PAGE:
The advantages of open source software really become evident when it comes to using design applications. This category of software is one that not everyone needs — that is, unless you need software to help you create illustrations for Web design or print publication projects.
The Linux OS has a bevy of design apps that go head-to-head against hallmark design applications for the Microsoft Windows and Apple Mac OS X platforms such as Adobe Illustrator CS5, Adobe Freehand, CorelDraw Graphics Suite X5 and Microsoft Visio. I am not referring to standard intro-level drawing apps with variations of “Paint” in their names.
You will need to spend some time with each of these apps, however. Deciding which one works best for you will take familiarity and hands-on practice. If you did not use design software on another platform, no doubt you will settle on a preference based on how intuitively you take to the packages. But if you have a working knowledge of a design app from another platform, you will find one or more of these Linux apps to be very similar in look and feel.
Typical drawing needs for design applications are creating icons, designing Web pages and making marketing materials. These three Linux apps are well-tooled to handle these activities and much more.
Inking the Draw
Inkscape is based on the use of Scalable Vector Graphics (SVG). This is an open XML-based W3C standard. This app supports many advanced SVG features such as markers, clones and alpha blending. It is available for Linux, Windows and OS X platforms.
The use of SVG formatting makes a big difference. Most graphic apps are based around bitmap or raster graphics. This locks in a specific resolution and stores an image as a grid of pixels.
Instead of the raster scheme, Inkscape’s use of vector graphics gives its files a resolution-independent description of the actual shapes and objects visible in the image. Unlike a rasterization engine, SVG does not need these details for plotting each line and curve at any resolution or zoom level.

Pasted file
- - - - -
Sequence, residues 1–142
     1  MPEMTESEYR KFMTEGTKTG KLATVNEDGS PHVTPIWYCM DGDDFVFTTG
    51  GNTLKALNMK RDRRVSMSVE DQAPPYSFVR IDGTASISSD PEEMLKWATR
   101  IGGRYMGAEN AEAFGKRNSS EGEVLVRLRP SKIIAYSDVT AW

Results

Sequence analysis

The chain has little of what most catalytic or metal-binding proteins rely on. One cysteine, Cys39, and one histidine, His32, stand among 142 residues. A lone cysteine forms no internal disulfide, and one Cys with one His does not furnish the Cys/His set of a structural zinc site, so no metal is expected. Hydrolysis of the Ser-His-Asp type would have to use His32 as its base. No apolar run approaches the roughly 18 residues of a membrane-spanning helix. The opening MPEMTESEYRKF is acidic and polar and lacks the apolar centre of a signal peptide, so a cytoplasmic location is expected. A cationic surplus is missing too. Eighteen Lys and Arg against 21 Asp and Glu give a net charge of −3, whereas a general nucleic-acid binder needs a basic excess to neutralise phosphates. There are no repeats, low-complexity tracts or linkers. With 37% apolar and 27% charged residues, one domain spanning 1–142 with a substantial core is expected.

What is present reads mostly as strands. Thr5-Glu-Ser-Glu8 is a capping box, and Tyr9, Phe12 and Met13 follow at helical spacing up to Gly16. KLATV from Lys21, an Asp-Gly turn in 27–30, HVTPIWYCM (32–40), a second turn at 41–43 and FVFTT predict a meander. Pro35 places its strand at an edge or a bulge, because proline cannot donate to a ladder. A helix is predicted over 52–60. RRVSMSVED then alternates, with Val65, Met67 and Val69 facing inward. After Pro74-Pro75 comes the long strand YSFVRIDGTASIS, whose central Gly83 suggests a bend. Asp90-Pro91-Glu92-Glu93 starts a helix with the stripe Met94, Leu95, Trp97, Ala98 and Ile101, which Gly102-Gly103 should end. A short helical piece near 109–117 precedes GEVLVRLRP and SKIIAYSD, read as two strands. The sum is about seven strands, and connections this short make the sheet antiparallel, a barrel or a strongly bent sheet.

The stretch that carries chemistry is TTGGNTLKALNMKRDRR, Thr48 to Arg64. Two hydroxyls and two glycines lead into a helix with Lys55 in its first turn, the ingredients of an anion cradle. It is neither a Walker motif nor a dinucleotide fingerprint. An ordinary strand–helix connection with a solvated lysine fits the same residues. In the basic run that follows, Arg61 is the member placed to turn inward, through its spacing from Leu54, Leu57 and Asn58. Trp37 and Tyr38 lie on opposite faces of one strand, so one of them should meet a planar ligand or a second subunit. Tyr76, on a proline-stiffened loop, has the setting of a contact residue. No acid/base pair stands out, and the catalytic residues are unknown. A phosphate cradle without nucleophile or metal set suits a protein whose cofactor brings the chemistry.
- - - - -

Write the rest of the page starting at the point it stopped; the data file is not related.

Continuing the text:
Think of SVG graphics as a companion rather than an alternative to the bitmap standard. Inkscape handles raster formats as well. It can import and show bitmap images.
Within Inkscape, the imported bitmap image is viewed as an object in the overall vector graphics display. Inkscape allows you to manipulate the file regardless of its components.
Vector and bitmap graphics both have a place in designing images and pages. For example, raster graphics are usually preferred for working with photographs and drawings. Vector format is often more suitable for design compositions that include logos, images with text and detailed illustrations.
I took to the Inkscape Graphical User Interface or GUI without much bother. The tools are mostly icon-driven. The icons line up along the edges of the application window.
Traditional drop-down menus across the top edge of the window provide an organized view of all the drawing and editing functions.
Both newcomers and seasoned designers will appreciate the intuitive layout for the tools. I found especially useful the long list of templates for an impressive list of typical designs under the File/New menu.
Inkscape has more than enough tools to handle advanced-level drawing tasks. For instance, it can pan the screen or page under construction and zoom in and out.
Inkscape also lets you easily work with created shapes such as rectangles, stars, spirals and circles. Plus, moving and scaling objects takes just a few mouse clicks.
In one aspect, playing around with Inkscape is much like using a basic paint app on steroids. You can do calligraphy and freehand drawing and much more.
Office Suite Draw
I was surprised to discover the bundled drawing app in the OpenOffice suite. I use the OO bundle’s writer and spreadsheet modules daily. I often create slide presentations with OO Presenter.
I sing the praises of the OpenOffice package. But I never spent any time in the Draw app. It is a good drawing app that is ideal for the less experienced designer.